Summary

 Astrophysical data visualization from line plots to augmented and virtual reality
 Machine learning in astronomy
 Data science: workflows, hardware, software, humanware
 Management of large science projects
 Science platforms: tools for data discovery and analysis from different angles
 Quality assurance of science data
 DevOps practices in astronomy software
 Databases and archives: challenges and solutions in the big data era
 Software for solar system astronomy
 Time domain astronomy
 Multimessenger astronomy
 Algorithms
 Miscellaneous
 Tutorials
 Focus talks and demo booths
 Birds of a feather
 Ancillary meetings.
 Di Matteo, Tiziana, author.
 Berlin, Germany : Springer, 2019.
 Description
 Book — 1 online resource (xiii, 212 pages) : illustrations (some color).
 Lüst, Dieter, author.
 Cham, Switzerland : Springer, [2019]
 Description
 Book — 1 online resource.
 Summary

 Special relativity. Riemannian geometry. Introduction to general relativity. General relativity. Einstein's equations. Black holes. KruskalSzekeres coordinates and geodesics of the Schwarzschild black hole. Conformal compactifications and Penrose diagrams. Penrose diagrams of charged & rotating black holes. Rotating black holes and black hole mechanics. Black hole mechanics and thermodynamics. Black hole thermodynamics . Black holes and entropy. Hawking and Unruh radiation. Quantum field theory in curved spacetime backgrounds. Unruh und Hawking effect. Information loss paradox. Solitons in String Theory. Brane solutions. Dimensional reduction and black holes. Black holes in string theory from p/Dbranes. Black hole microstate counting. Asymptotic symmetries in general relativity and black hole hair. Asymptotic symmetries of 4D spacetime geometries. BMS charges. The gravitational memory effect. Current research on BMSlike transformations and charges of black holes. Quantum hair and quantum black hole vacua.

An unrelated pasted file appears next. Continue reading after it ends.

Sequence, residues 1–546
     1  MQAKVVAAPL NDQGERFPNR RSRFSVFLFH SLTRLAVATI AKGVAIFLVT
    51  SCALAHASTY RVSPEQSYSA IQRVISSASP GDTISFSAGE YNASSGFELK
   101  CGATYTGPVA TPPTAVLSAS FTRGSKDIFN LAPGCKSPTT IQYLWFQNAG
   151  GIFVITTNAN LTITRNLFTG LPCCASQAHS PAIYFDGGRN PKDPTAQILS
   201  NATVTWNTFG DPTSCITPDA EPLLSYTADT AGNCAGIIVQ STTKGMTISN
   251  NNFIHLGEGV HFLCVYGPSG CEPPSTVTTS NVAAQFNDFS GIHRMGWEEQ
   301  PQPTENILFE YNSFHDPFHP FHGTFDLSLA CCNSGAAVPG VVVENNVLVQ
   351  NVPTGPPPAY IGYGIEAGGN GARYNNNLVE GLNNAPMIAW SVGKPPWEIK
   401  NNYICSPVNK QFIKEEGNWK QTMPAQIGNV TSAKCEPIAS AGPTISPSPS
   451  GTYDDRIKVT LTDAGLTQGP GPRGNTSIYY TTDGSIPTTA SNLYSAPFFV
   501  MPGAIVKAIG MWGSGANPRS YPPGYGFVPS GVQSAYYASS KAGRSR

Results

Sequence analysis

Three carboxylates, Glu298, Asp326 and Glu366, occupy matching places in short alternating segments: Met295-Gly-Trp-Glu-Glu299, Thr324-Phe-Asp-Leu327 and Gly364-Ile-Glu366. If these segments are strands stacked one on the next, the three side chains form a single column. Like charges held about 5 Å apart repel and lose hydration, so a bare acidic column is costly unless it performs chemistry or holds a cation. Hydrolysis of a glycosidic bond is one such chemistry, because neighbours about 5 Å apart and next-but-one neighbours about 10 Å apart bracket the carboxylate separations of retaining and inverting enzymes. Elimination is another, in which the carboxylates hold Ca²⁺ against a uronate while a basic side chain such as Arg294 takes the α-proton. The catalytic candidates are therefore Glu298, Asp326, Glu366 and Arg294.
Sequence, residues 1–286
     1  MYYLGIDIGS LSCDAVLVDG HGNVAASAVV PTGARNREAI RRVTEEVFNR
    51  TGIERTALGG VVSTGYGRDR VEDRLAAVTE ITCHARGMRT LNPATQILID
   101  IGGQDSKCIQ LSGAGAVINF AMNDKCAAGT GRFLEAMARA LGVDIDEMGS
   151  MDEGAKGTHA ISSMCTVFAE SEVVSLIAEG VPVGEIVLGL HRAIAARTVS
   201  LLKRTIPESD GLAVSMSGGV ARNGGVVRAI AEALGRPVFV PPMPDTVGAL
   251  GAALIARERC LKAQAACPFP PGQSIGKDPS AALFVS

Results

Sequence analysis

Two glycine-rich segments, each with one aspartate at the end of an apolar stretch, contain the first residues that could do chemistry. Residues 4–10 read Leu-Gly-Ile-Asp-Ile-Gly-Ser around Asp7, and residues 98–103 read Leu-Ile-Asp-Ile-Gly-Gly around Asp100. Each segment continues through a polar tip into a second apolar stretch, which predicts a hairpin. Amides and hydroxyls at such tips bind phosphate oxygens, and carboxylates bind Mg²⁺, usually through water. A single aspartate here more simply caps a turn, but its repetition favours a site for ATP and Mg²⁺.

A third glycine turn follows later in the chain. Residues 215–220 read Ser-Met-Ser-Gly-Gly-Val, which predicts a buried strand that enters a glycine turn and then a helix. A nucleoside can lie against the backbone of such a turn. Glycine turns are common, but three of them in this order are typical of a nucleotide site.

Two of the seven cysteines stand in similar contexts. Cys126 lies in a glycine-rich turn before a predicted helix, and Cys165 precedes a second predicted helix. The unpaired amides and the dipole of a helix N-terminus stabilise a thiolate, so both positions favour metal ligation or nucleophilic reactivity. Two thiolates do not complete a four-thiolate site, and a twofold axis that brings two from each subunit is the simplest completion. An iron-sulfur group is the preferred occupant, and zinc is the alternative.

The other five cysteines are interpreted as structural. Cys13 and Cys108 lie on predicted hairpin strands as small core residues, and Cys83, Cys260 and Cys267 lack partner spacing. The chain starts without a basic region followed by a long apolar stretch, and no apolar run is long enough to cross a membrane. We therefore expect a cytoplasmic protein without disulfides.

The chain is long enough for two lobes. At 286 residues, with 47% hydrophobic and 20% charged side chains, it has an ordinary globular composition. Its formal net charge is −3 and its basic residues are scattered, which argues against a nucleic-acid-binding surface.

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 Lawrence, J. L. (Jackie L.), author.
 Cambridge : MIT Press, 2019. [Piscataqay, New Jersey] : IEEE Xplore, [2019]
 Description
 Book — 1 online resource (392 pages).
 Summary

How to predict and calculate the positions of stars, planets, the sun, the moon, and satellites using a personal computer and high school mathematics. Our knowledge of the universe is expanding rapidly, as space probes launched decades ago begin to send information back to earth. There has never been a better time to learn about how planets, stars, and satellites move through the heavens. This book is for amateur astronomers who want to move beyond pictures of constellations in star guides and solve the mysteries of a starry night. It is a book for readers who have wondered, for example, where Saturn will appear in the night sky, when the sun will rise and set, or how long the space station will be over their location. In Celestial Calculations, J. L. Lawrence shows readers how to find the answers to these and other astronomy questions with only a personal computer and high school math. Using an easytofollow stepbystep approach, Lawrence explains what calculations are required, why they are needed, and how they all fit together. Lawrence begins with basic principles: unit of measure conversions, time conversions, and coordinate systems. He combines these concepts into a computer program that can calculate the location of a star, and uses the same methods for predicting the locations of the sun, moon, and planets. He then shows how to use these methods for locating the many satellites we have sent into orbit. Finally, he describes a variety of resources and tools available to the amateur astronomer, including star charts and astronomical tables. Diagrams illustrate the major concepts, and computer programs that implement the algorithms are included. Photographs of actual celestial objects accompany the text, and interesting astronomical facts are interspersed throughout. Source code (in Python 3, JAVA, and Visual Basic) and executables for all the programs and examples presented in the book are available for download at https://CelestialCalculations.github.io.
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 Fegan, D. J., author.
 Singapore ; Hackensack, NJ : World Scientific Publishing Co. Pte. Ltd., [2019]
 Description
 Book — 1 online resource.
 Summary

 Cosmic [gamma]ray timeline
 A serendipitous observation
 Photography, simulations, detectors
 Detection strategies
 Prototyping a TeV imager
 Image compactness selection
 Ongoing data fidelity issues
 Crab
 first TeV source, 1989